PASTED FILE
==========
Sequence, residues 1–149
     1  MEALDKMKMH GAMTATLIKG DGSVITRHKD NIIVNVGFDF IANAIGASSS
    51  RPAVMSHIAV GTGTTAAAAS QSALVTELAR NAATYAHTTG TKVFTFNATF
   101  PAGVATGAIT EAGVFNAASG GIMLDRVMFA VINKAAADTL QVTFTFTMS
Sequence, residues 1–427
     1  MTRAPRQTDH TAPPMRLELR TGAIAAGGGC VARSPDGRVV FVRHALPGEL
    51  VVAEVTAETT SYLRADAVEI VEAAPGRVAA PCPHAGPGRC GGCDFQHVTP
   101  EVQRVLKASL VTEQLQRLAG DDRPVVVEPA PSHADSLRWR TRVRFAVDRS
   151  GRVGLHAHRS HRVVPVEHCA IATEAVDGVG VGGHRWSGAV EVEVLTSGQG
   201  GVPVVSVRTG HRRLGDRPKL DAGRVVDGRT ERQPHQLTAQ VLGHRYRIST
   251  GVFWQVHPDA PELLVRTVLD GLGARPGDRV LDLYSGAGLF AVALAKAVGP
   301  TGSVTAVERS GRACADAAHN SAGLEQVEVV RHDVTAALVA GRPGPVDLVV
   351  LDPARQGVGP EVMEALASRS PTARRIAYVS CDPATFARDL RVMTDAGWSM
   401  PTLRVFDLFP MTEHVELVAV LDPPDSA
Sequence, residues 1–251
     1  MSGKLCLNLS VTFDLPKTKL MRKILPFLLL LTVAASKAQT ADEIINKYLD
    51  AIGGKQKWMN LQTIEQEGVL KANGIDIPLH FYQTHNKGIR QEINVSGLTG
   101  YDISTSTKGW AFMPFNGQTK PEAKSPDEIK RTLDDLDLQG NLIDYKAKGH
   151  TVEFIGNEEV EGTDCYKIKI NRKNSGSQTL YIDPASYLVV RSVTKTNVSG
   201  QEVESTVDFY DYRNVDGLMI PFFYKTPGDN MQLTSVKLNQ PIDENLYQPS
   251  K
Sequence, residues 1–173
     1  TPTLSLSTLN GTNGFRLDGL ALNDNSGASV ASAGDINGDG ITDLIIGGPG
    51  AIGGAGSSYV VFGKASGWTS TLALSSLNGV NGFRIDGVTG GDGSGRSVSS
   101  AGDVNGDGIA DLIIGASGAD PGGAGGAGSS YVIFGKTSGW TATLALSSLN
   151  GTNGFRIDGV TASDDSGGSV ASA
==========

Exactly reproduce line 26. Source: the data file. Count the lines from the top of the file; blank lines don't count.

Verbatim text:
   151  GTNGFRIDGV TASDDSGGSV ASA